Four star review, originally posted here on October 4, 2019.
Okay, look, this little book isn’t going to go winning any Pulitzers. Not exactly a monument of literary achievement. But for what it is, it is absolutely fantastic. For those who don’t know, Steve Dangle (real name Steve Glynn) is a hockey commentator, best know for the hilariously exuberant ranting YouTube videos that he shoots in his basement after every single Toronto Maple Leafs game. At a mere 30 years of age and only a few years in the (arguably narrow) spotlight, one might think Dangle/Glynn is too young and early in his career and life to go publishing a memoir. I saw another reviewer say this, and I kind of assumed I would feel the same way, but my spouse (a huge Dangle fan who never misses a Dangle podcast or video and went to a ) assured me I would love it despite only having a passing knowledge of Dangle/Glynn’s work. He was correct.
It’s not that Dangle’s story thus far is particularly compelling. He’s a dude who wanted to go into sport media, so he got a media degree, did sports media internships, did his own just-for-fun sports media side projects, and in the meantime had a seemingly unrelated summer job (where he had to speak in front of a crowd all day, so turns out its tangentially related after all). The whole process until he becomes famous and successful is probably like 5 or 6 years. From a distance, and in the grand scheme of things, no big whoop.
But the truth is that, for many, many, many people, those early years of trying to figure out what to do with your life and struggling to find your way, of hitting roadblocks and doubts and making no money and seeing other people succeed and wondering why they have all the luck and WTF is wrong with me it has been YEARS and I just can’t seem to catch a break and by the way bills and living expenses don’t wait for you to find your footing in a solid career before weighing you down, etc…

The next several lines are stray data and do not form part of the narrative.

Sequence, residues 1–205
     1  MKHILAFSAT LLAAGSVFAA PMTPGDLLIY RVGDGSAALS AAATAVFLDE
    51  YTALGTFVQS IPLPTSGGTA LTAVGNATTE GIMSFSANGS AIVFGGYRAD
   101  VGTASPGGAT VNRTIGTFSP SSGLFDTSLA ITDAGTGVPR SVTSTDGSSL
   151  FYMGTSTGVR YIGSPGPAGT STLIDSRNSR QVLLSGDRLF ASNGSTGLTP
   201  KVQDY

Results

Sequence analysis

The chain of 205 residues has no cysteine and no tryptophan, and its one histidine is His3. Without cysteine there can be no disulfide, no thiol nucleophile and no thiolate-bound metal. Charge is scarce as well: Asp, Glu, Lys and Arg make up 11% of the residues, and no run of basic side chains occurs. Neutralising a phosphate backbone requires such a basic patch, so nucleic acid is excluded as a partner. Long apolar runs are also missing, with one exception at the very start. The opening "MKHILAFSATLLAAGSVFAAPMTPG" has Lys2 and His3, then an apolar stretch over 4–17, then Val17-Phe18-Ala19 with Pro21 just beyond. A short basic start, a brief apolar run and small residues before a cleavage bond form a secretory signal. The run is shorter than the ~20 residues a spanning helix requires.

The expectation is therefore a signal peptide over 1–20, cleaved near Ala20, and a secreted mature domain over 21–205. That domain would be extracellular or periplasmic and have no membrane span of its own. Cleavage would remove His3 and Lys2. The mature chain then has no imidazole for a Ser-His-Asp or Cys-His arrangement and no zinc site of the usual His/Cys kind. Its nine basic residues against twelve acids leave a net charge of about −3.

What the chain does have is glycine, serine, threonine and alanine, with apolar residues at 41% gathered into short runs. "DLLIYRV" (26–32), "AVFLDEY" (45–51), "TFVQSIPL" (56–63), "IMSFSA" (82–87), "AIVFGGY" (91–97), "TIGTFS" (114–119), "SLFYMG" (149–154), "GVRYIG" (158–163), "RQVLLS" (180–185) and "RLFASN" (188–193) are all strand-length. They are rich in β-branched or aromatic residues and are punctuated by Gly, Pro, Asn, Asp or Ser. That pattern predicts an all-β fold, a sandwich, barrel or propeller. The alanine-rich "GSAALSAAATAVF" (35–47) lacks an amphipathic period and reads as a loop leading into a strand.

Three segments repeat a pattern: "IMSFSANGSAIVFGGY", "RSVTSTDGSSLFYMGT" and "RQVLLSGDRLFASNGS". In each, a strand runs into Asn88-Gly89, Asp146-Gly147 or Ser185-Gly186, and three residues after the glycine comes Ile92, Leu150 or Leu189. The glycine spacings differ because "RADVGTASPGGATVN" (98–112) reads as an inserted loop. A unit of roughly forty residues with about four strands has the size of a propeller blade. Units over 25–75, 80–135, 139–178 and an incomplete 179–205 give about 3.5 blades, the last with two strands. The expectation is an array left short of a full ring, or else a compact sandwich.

I got lost in there. Point is, that time in our lives is SCARY. And its OVERWHELMING. And every day that you don’t have a job feels like an eternity. Every slammed door feels like a gigantic failure. And it is really, really, really easy to get frustrated. Dangle/Glynn is in a unique position where he both struggled to take off, but also skyrocketed to fame at a relatively young age. It means he can take us deep into this time that’s often glossed over, while still offering hope and a light at the end of the tunnel. He ends his book by encouraging people to follow their dreams and take on new challenges, etc, which is a message we may hear a lot, but somehow, from this guy, it rings sincere (this sincerity is key in Dangle/Glynn’s popularity).
This book hit a nerve with me because I am going through a very similar situation in my life right now. And because I know plenty of people going through these same frustrations, I think it will resonate well with many, many readers. Which is great. Dangle/Glynn is a fantastic role model, but because he’s some sort of untouchable superstar who we, the common man, could never emulate, but because he’s a regular dude, just like us, who makes mistakes, struggles with depression, and learns plenty of life lessons. A regular dude who’s gotten to do a lot of amazing things. Along the way you’ll hear plenty of crazy fun stories, told in an approachable, conversational manner, like listening to your buddy over a beer.
I would caution that at time this book may be less engaging to non-hockey fans because he drops a LOT of hockey names (players, coaches, and broadcasters), talks about game details from his childhood memories, and refers to Canadian hockey media. For the most part he does a good job either providing enough context or explanation that the lay reader can piece things together, but towards the end when we start referring back to an entire book’s worth of people and places, things get a little bogged down with references I didn’t understand. I’m a hockey fan, but mostly just follow my home team (GO CAPS!!!!), so I was pretty into most of the hockey content except for the name dropping.
But still, even if you totally glaze over at all the hockey stuff, there’s plenty of other content here to engage. Dangle/Glenn’s recurring affection and respect for his sister, mom, and wife was particularly refreshing in the male-dominated world of hockey media. And in the end, that’s the very greatest thing about Dangle/Glynn, and why my spouse is such a super fan- even though he’s really just some dude who loves to sit around his basement yelling about hockey scores into his webcam, he also encourages his fans to be better people. Which is pretty damn cool.